1997 (first edition)
Dennis Fox & Isaac Prilleltensky
London: Sage Publications
This page provides the editors' introductions to all 19 chapters.
Teaching Note | Book Contents | Reviews | Buy
See Table of Contents of Second Edition (2009)
Publisher-requested copyright notice: "Editorial Arrangement and Preface copyright Dennis Fox and Isaac Prilleltensky
1997. Excerpts reproduced here with permission from the publishers. All rights reserved. Users are permitted to view, print and download
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A Note on Teaching Critical Psychology
This book is used in critical psychology courses around the world. For examples of its use as a main
text with accompanying readings, see Ian Parker's course
pack, posted with other Critical
Psychology Teaching Materials (course syllabi, reading lists, other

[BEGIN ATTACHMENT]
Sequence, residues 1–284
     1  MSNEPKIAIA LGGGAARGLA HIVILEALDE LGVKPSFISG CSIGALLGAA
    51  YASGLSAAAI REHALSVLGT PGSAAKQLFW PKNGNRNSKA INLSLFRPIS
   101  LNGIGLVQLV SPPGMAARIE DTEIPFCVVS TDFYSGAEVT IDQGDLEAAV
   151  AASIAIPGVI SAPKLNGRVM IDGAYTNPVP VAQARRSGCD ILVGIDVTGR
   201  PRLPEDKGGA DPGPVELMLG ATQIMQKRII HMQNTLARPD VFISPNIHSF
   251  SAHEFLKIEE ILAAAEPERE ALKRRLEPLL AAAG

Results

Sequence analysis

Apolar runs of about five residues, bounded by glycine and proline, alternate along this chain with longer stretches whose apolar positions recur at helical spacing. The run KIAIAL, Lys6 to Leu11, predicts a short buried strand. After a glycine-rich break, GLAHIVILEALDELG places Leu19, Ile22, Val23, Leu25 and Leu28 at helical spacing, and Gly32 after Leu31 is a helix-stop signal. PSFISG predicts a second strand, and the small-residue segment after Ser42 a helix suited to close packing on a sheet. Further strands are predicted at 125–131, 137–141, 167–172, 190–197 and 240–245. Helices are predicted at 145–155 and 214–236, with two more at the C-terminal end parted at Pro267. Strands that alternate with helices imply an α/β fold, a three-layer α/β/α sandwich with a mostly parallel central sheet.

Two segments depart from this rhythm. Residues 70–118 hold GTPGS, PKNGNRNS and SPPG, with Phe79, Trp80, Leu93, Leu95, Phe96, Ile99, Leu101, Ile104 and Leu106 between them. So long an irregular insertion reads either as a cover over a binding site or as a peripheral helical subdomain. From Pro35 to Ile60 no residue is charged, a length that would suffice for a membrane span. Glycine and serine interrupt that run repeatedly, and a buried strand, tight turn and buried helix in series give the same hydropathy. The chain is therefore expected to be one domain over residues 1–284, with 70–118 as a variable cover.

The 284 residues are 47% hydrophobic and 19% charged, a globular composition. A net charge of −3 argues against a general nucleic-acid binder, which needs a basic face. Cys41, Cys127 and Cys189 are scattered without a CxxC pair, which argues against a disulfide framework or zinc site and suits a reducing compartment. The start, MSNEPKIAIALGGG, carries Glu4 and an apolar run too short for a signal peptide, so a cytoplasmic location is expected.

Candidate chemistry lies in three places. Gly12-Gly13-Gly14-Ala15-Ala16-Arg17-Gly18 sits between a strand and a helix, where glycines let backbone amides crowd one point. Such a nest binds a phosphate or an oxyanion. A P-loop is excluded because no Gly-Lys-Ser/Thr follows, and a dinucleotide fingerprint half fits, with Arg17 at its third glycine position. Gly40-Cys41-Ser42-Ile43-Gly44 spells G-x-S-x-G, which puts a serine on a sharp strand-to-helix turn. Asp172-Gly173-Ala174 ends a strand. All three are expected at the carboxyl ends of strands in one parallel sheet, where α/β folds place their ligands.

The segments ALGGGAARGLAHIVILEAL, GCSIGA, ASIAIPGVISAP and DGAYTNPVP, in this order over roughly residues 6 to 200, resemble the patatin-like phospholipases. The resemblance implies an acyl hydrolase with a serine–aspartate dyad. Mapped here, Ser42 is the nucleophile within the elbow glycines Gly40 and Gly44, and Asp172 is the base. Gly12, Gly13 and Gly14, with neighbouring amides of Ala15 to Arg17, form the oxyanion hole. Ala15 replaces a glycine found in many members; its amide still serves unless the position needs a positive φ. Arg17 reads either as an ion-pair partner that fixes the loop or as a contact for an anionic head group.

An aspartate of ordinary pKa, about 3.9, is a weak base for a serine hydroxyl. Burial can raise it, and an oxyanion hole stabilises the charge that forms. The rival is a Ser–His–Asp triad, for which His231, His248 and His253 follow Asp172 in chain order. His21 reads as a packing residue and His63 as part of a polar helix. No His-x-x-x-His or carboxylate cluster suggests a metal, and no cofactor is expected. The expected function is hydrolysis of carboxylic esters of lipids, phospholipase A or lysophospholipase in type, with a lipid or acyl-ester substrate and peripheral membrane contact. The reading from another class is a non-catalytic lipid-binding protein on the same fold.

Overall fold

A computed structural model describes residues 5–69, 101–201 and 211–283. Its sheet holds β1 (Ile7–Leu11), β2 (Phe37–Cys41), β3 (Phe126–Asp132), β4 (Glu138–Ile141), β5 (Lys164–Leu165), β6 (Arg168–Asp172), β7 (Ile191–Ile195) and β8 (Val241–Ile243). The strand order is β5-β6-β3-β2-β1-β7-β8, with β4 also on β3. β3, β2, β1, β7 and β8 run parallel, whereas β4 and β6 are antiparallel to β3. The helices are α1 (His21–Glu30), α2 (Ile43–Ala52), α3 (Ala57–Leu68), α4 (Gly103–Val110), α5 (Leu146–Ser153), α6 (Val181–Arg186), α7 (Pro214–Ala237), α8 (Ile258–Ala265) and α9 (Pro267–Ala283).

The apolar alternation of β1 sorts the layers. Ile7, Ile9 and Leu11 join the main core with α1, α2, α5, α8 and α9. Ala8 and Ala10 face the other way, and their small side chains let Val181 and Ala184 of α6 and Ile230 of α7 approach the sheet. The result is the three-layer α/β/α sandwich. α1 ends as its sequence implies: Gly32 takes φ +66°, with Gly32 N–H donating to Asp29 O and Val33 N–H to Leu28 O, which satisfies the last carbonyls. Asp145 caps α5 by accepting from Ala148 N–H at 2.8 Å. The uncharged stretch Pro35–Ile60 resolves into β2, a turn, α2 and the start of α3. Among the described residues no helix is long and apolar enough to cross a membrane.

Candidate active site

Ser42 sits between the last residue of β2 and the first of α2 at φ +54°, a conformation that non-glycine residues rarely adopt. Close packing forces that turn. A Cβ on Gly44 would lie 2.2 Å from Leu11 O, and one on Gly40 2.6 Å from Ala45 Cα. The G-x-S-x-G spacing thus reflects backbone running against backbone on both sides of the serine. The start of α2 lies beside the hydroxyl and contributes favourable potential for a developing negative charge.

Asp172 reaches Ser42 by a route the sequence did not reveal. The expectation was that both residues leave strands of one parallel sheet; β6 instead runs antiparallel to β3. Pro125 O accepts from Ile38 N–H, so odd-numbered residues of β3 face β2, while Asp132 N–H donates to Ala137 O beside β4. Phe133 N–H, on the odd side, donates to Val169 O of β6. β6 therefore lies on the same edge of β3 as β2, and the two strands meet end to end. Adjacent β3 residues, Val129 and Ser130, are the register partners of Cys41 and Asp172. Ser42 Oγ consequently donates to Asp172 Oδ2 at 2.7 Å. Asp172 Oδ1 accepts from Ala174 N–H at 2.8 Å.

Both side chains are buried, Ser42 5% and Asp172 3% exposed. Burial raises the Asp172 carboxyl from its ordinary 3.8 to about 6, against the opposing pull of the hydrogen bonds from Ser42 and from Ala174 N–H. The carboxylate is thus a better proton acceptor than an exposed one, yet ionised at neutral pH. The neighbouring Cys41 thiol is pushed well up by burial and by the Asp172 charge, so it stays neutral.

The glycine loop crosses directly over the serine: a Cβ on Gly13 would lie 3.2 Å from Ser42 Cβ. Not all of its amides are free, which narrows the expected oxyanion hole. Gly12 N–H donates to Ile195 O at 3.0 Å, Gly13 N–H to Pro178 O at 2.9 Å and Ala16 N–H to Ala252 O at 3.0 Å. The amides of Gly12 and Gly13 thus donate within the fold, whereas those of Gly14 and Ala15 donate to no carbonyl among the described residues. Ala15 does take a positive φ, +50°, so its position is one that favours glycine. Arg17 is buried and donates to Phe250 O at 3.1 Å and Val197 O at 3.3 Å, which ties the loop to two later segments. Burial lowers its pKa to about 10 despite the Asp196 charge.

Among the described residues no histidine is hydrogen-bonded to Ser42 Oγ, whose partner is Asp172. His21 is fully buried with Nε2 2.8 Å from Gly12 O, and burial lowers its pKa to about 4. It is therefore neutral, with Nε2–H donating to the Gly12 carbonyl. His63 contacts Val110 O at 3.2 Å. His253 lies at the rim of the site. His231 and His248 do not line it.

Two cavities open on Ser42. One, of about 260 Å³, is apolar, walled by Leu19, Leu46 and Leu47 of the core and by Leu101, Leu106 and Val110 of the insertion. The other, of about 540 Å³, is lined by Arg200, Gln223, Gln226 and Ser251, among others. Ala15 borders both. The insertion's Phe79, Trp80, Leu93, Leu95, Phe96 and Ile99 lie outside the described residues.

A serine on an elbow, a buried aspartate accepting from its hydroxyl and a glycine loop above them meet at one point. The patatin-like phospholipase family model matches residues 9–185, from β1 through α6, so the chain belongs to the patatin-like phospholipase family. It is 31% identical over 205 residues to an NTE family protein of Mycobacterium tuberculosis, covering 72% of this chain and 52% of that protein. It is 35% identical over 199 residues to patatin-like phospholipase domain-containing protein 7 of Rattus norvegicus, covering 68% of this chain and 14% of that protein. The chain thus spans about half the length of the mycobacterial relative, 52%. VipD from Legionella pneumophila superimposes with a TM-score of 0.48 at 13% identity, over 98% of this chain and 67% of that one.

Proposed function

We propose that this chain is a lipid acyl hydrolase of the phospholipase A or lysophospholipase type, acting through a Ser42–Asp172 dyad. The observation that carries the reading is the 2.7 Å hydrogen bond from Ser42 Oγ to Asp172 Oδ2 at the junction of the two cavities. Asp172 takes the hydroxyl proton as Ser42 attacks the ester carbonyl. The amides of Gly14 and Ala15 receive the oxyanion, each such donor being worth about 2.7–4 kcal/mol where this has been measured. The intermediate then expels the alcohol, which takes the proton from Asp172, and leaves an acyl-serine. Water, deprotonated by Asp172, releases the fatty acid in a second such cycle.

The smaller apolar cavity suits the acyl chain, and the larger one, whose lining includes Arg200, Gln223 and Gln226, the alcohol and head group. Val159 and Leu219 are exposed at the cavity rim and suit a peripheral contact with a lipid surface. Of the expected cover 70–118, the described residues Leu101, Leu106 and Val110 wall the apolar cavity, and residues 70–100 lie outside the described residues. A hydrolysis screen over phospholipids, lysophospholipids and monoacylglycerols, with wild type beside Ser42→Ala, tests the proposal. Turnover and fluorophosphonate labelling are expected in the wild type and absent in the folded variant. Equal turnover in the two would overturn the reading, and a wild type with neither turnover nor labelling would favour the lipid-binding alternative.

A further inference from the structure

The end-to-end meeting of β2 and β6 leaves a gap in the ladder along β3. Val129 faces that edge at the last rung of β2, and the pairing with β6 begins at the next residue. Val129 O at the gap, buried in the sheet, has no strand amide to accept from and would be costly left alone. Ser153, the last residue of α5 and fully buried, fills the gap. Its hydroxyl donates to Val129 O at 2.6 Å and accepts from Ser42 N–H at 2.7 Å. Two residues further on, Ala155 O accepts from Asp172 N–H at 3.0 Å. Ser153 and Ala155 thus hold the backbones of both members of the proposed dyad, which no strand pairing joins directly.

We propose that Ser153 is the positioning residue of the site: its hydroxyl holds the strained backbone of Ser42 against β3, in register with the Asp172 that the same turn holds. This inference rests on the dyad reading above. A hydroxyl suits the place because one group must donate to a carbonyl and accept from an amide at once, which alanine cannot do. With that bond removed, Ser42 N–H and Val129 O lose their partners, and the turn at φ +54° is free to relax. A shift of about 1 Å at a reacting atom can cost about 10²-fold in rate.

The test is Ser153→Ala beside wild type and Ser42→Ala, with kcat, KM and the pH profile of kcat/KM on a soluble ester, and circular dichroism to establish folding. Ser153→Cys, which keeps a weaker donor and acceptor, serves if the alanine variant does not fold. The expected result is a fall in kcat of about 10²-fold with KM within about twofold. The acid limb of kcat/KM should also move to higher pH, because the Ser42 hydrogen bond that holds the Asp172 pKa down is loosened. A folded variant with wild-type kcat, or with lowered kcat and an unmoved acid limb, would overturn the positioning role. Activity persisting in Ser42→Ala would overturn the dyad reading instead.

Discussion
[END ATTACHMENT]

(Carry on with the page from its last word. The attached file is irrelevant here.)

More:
resources) at RadPsyNet.org.
Also published in Greek and Indonesian translation.
The second edition scheduled for 2009 is substantially revised, with chapters on topics not included in the first edition.
Introducing Critical Psychology: Values, Assumptions and the Status
Critical psychology and traditional psychology differ in fundamental
ways. In this chapter we explain what we mean by "critical psychology"
and describe the subject matter of Critical Psychology: An Introduction.
We contrast mainstream psychology's values, assumptions, concerns,
and objectives with those of a critical psychology that emphasizes
social justice and human welfare. As the chapter explains, we
believe that psychology's traditional practices and norms hinder
social justice, to the detriment of individuals and communities